A shapefile is a popular geospatial vector data format supported by various geographic information system (GIS) software. It is typically used for storing the location, shape, and attributes (non-spatial information such as demographics, statistics, or classifications) of geographic features. This term is patented by Environmental Systems Research Institute (ESRI) and is essentially used for spatial vector data in the form of points, lines, and polygons, which can represent various geographical features — such as buildings, rivers, and states, respectively.

Shapefiles store data in three mandatory file types (.shp, .shx, .dbf) and can also include additional, optional files, such as an index to provide faster access to data (.sbn, .sbx), or the projection file (.prj) to store coordinate system data. These separate but related files must be kept together for the shapefiles to work correctly.

What is Shapefile?

A shapefile, in the context of geographic information systems, is a simple, non-topological file format designed to store the geometric location and attribute information of geographic features. These geographic features are usually seen in a map, but their data and attributes can be more than what's visible to the naked eye.

While primarily associated with ESRI, shapefiles are open specifications and can be read or written by many GIS software platforms. This makes shapefiles one of the most widely accepted and used file formats in GIS. Despite their widely accepted usage, shapefiles have limitations. For instance, they can't store null values, have a limit on attribute field lengths, can't hold topologic information, and have a file size limit.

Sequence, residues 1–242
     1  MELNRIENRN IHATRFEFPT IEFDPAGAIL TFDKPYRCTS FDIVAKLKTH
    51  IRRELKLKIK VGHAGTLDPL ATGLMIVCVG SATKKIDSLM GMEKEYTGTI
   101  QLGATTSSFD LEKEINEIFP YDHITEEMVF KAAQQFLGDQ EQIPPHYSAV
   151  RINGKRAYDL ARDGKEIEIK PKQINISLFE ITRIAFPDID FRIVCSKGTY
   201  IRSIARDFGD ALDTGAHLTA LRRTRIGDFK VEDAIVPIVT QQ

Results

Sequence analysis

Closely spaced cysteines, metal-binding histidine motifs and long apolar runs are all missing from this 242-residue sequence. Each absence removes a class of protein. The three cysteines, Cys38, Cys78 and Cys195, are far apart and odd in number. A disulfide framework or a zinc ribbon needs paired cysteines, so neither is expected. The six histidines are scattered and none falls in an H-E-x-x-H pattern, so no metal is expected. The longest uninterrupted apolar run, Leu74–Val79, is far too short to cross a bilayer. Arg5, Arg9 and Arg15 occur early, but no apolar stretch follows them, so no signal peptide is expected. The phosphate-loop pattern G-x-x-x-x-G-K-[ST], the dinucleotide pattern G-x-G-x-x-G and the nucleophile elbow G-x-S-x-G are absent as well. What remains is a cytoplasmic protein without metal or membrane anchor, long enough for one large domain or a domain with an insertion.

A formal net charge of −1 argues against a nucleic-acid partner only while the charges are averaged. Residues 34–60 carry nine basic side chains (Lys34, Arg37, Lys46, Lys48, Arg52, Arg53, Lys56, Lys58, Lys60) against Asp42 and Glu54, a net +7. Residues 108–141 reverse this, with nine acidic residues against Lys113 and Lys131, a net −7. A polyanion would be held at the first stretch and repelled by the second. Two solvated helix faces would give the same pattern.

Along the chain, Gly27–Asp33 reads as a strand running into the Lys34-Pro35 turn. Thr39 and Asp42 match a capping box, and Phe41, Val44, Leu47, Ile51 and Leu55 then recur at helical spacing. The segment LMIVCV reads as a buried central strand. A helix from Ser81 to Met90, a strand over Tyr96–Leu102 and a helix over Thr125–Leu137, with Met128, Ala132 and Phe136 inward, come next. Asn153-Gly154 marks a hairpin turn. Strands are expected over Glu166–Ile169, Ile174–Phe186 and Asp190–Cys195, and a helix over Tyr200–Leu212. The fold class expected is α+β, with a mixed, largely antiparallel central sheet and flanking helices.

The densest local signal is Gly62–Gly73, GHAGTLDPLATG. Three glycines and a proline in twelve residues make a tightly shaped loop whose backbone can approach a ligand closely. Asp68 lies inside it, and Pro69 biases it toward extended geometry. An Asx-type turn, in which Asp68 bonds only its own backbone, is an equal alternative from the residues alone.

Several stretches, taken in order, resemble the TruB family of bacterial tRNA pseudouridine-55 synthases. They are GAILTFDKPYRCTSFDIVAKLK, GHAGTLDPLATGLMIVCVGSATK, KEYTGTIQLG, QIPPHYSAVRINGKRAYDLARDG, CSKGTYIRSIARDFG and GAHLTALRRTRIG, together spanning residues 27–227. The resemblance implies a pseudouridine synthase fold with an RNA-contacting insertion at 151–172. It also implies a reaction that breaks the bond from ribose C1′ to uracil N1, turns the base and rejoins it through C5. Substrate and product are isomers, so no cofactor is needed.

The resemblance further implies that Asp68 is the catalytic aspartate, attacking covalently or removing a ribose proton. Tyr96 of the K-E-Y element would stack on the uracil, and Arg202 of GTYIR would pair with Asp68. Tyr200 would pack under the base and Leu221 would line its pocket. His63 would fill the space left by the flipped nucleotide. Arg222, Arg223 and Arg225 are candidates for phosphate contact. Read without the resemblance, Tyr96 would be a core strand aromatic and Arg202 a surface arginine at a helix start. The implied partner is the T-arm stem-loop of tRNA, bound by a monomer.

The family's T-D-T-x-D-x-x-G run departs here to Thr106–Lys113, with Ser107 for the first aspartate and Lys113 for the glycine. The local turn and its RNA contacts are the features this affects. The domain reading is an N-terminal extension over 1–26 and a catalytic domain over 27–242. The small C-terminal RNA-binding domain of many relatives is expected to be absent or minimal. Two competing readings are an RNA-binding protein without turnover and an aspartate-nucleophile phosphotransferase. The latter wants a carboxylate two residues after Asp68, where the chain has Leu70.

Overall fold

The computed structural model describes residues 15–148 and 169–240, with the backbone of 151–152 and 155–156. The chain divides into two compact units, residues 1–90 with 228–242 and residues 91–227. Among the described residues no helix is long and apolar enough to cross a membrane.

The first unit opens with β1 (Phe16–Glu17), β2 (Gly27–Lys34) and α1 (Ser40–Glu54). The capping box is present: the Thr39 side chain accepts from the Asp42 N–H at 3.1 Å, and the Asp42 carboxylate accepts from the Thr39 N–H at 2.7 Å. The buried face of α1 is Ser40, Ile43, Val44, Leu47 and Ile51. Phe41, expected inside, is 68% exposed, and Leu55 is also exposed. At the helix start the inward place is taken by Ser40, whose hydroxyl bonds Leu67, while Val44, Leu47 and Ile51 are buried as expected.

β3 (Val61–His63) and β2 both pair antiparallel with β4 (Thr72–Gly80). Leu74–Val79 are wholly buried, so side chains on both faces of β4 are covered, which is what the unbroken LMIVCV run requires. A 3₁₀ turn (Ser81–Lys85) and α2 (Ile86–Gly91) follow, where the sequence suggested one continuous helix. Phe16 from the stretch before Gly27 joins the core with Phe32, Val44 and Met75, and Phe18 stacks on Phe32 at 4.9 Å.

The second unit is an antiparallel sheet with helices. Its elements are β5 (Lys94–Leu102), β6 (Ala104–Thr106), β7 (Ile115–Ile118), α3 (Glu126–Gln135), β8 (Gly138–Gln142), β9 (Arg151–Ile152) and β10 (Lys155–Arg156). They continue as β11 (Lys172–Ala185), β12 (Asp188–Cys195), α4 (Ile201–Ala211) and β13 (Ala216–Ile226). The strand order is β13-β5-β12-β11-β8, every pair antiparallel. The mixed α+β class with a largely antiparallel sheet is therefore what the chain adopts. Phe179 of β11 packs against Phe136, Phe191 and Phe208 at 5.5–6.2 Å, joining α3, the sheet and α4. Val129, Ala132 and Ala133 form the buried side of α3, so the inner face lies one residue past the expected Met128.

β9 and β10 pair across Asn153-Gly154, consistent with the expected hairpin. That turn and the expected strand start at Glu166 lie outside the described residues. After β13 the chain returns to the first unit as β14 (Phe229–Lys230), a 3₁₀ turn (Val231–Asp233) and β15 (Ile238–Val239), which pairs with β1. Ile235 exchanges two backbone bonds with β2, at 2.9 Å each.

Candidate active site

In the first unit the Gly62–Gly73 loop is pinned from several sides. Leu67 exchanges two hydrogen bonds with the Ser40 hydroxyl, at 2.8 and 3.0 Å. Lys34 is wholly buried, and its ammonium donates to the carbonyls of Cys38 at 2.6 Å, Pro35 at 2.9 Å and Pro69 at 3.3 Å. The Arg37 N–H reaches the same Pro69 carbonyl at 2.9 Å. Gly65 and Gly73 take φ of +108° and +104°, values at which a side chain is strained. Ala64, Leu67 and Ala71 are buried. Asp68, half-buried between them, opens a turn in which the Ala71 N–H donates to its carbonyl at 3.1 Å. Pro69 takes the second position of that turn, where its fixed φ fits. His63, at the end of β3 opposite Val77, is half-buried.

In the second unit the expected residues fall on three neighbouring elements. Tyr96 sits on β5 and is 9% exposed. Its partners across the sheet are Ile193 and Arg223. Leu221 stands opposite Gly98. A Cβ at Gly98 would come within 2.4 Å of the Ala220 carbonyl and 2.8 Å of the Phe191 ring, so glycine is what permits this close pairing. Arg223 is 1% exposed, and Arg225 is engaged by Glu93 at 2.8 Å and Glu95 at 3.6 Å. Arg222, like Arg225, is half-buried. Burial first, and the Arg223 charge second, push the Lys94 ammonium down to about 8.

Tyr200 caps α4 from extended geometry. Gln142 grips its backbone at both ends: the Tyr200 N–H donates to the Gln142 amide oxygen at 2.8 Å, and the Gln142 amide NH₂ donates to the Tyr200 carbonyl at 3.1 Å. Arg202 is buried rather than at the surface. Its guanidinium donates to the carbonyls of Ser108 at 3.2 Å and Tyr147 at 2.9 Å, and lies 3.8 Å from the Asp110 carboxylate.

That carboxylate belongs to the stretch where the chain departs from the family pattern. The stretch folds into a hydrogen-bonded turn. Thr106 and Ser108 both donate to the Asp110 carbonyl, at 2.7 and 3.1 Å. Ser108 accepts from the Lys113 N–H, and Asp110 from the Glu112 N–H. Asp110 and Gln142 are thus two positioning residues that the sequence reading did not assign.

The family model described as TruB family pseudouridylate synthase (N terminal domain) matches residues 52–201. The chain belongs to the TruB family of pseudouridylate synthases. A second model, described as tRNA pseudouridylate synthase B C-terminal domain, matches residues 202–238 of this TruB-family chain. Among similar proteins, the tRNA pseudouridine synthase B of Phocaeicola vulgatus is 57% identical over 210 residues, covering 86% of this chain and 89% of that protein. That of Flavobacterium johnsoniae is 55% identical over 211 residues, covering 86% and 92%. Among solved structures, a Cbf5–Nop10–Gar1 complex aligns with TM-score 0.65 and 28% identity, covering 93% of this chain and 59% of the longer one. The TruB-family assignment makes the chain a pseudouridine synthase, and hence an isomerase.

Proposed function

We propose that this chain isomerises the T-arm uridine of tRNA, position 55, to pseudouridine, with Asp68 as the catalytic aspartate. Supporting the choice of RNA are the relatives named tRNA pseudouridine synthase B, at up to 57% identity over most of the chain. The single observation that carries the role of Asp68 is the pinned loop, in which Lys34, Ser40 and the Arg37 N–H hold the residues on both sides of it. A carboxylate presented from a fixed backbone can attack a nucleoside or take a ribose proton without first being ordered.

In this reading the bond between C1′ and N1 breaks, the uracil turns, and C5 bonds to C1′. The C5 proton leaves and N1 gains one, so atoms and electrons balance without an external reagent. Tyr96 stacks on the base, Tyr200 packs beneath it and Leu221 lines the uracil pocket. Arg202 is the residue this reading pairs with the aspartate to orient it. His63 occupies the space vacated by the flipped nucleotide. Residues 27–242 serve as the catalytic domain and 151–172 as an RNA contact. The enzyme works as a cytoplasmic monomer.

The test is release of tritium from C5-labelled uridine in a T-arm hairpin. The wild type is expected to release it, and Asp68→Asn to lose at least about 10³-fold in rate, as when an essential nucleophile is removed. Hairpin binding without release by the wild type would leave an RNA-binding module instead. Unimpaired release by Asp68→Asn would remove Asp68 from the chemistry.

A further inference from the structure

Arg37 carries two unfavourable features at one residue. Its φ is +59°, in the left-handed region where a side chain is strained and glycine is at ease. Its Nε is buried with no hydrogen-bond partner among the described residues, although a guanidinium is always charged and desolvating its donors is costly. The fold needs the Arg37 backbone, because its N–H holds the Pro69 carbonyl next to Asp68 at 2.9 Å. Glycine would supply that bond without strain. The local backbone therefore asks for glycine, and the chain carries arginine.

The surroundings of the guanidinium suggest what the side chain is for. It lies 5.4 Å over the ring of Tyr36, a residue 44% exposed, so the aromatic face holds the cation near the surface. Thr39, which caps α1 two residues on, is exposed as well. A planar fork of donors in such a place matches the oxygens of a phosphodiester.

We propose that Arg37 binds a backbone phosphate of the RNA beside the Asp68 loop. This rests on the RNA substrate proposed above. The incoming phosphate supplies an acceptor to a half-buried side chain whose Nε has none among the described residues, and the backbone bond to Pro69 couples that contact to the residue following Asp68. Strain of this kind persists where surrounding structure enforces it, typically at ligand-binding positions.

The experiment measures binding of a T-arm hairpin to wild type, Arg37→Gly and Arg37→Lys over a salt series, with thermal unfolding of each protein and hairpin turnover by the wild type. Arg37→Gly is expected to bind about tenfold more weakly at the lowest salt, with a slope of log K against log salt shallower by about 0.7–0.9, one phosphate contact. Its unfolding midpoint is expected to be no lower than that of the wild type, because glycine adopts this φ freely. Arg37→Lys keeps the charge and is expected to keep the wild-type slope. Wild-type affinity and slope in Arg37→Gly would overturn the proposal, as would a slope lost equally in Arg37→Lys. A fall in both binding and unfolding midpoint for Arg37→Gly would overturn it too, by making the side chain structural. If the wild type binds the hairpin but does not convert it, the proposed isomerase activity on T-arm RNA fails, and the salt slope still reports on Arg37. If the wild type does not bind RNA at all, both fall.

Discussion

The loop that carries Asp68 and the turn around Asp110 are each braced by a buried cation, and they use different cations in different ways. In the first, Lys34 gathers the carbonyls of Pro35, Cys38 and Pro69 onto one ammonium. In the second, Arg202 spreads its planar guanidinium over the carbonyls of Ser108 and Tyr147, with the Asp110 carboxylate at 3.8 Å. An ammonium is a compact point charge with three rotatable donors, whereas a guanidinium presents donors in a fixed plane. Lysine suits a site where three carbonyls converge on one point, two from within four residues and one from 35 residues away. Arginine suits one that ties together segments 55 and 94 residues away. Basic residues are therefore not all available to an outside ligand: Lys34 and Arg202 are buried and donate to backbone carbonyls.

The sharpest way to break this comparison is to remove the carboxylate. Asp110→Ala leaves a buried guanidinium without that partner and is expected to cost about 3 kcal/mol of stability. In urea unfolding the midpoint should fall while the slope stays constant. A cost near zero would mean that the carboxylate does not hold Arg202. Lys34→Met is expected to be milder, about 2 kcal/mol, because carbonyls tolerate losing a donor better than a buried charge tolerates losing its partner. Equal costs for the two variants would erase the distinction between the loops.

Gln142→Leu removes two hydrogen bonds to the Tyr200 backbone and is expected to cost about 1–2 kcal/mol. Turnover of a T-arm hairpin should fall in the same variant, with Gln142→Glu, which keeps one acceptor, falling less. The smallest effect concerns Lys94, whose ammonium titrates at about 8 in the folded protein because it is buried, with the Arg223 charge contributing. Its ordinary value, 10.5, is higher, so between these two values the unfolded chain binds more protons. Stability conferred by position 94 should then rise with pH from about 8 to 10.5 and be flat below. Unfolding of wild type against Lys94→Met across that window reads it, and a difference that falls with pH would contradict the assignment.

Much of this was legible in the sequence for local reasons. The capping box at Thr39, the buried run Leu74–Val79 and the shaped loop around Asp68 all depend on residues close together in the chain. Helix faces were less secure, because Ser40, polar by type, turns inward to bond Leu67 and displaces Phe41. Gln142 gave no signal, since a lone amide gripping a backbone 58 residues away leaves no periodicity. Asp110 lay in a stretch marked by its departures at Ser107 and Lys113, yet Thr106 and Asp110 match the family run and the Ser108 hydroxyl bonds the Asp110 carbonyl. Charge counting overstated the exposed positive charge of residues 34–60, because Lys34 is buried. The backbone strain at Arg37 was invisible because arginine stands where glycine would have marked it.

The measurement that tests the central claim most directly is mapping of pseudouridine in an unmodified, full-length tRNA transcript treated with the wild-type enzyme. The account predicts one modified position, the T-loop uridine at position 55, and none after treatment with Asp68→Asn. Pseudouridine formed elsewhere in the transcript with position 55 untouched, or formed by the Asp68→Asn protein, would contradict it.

Regardless of these limitations, shapefiles continue to be a convenient and ubiquitous option for the storage, exchange, and use of spatial data within the GIS community.


What information does a shapefile contain?

A shapefile's primary file carries the main geometric data (i.e., points, lines, polygons), an index file to allow quick access to geometric data, and a dBASE file that contains attribute data. It can also contain several optional files that provide additional information like coordinate system data or indexes for faster data retrieval.

What are the limitations of a shapefile?

Some limitations of a shapefile include inability to store null values, a limit on attribute field lengths, inability to hold topologic information, inability to support curves such as circular arcs or Bezier curves, and a file size limit (2 GB for most systems).

Can other applications outside of ESRI use shapefiles?

Yes. Despite being developed by ESRI, shapefiles have become an industry-standard geospatial data format and are compatible with many GIS applications, including Atlas.

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